Prime Minister Manmohan Singh said that President Pervez Musharraf had assured him "Pakistan has no hand" in perpetuating recent terror acts in India and had given an "explicit commitment" to work with India "to do all that is in their control to control the scourge".
Talking to journalists accompanying him while returning from Havana, where he met Musharraf, the prime minister said the "new mechanism" between the two countries to deal with terrorism was a "new beginning" and he was "very pleased" with the outcome of the discussions.
"I hope it works, but if it does not work, then also we have to deal with the consequences," he said.
The two leaders issued a Joint Statement at the end of their talks in Havana - their fourth meeting in two years - which directed their foreign secretaries to resume their composite dialogue and to put in place an India-Pakistan anti-terrorism institutional mechanism to identify and implement counter-terrorism initiatives and investigations.
"Well, it is quite obvious to Pakistan that things cannot be business as usual if terrorism is not under control or if the government of Pakistan is seen not to be willing to work with us to control terrorism," Manmohan Singh said.
He said he welcomed this commitment and this had been reiterated in the Joint Statement issued after their talks.
Asked whether his talks had bridged the trust deficit between the countries that he had talked about, the prime minister replied: It is not a one-day process...we have to do business with our neighbours. General Musharraf, he is the ruler of Pakistan and therefore we have to learn to deal with him."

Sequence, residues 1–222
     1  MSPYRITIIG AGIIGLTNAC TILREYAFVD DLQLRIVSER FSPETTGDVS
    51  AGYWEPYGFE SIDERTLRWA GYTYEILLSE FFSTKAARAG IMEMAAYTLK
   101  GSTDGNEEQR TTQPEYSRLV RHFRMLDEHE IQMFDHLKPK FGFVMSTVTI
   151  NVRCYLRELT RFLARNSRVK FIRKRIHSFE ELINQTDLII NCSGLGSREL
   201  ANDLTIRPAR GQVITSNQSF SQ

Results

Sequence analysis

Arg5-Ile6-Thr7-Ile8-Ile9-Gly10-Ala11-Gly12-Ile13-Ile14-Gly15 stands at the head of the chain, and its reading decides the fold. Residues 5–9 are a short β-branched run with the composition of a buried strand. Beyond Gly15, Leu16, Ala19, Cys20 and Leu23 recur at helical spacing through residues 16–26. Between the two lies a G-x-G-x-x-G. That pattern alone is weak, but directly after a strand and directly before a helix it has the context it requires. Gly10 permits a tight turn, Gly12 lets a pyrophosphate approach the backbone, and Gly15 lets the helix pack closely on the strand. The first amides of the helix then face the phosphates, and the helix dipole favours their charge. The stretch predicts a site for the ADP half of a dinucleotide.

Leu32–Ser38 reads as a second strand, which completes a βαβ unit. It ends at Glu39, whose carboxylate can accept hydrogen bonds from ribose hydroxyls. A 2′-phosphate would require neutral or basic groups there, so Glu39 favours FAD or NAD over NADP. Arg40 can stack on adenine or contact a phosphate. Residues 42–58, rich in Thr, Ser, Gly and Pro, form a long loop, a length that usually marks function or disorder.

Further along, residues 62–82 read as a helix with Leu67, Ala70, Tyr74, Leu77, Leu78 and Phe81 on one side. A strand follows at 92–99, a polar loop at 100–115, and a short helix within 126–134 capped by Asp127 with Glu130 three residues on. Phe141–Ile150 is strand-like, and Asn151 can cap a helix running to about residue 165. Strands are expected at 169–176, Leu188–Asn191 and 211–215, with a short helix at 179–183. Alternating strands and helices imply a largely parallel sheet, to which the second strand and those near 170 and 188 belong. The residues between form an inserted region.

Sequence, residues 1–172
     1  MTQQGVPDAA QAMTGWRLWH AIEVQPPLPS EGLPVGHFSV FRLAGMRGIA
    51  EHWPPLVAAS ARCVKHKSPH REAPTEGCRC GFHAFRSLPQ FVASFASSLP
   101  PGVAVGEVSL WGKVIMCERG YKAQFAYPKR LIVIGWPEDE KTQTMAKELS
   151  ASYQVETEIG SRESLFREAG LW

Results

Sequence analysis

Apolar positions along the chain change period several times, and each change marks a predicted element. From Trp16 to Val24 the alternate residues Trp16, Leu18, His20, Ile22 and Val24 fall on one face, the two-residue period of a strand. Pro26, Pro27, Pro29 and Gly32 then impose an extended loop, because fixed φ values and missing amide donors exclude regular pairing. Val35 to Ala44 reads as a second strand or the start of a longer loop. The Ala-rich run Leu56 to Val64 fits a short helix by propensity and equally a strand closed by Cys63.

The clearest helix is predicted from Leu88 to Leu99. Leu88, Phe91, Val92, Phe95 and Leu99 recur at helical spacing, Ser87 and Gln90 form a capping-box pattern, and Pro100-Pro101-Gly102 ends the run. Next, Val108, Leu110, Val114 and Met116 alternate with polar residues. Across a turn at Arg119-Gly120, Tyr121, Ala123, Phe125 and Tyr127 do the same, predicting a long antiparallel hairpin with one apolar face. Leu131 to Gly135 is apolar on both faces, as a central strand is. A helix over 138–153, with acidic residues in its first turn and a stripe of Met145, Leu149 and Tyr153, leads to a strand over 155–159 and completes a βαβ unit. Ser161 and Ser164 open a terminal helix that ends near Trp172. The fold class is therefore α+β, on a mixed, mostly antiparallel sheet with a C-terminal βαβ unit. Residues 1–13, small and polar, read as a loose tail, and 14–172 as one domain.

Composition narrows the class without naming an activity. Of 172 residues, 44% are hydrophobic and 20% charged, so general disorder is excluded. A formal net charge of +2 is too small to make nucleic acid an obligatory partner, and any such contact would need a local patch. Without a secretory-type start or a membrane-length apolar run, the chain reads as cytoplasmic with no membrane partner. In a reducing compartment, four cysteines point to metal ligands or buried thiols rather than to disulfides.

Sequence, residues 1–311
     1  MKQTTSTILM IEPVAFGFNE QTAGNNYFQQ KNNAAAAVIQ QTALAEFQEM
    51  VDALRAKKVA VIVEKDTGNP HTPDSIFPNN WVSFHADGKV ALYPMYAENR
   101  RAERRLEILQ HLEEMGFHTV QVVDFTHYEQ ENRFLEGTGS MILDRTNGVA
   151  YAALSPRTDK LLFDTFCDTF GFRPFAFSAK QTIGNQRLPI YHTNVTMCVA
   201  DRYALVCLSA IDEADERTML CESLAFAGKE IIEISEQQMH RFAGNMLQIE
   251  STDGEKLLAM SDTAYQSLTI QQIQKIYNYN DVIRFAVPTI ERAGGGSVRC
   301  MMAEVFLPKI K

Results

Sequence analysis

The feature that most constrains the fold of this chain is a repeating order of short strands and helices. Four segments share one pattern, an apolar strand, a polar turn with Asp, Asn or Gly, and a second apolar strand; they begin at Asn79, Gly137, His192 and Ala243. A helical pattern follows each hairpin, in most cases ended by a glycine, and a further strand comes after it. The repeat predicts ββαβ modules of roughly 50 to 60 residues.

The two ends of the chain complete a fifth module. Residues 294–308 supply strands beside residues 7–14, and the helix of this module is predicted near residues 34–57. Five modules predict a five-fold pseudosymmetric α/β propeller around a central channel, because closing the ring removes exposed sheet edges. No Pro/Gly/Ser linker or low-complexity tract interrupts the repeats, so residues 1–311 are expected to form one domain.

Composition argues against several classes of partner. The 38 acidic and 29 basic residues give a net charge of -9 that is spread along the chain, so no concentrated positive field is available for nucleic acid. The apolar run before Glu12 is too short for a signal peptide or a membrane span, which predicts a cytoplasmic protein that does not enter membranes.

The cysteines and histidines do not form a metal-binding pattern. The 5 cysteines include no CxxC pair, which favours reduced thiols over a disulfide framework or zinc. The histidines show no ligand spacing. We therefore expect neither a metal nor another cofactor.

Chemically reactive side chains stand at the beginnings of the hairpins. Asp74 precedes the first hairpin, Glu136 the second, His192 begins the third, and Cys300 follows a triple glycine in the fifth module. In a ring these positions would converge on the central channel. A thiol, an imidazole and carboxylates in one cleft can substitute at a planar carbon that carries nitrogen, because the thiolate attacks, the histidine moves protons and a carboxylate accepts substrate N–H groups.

Manmohan Singh angrily rejected a suggestion that the deal with Musharraf was at the US behest. "I totally deny any insinuation that whatever was done with Pakistan is at the behest of the US or any other country. It is a question of our own sovereign national interest."
On Kashmir, he said there was a sincere and frank discussion on all issues. He said there was need for a "via media" to reconcile Indian and Pakistani positions on this - while Manmohan Singh had said earlier that borders cannot be withdrawn, Musharraf had stated that the Line of Control in Kashmir cannot be a permanent solution.
He described the Joint Statement as an "advance" and said his meeting was "very frank, very crucial, there was no tension and I was very pleased with the outcome."
Denying that the agreement with Pakistan amounted to a shift in the Indian stand, the prime minister said the anti-terrorism mechanism was among the opportunities being explored to tackle the problem of terror. "We should toss all balls in quest of a safe and secure life for our citizens."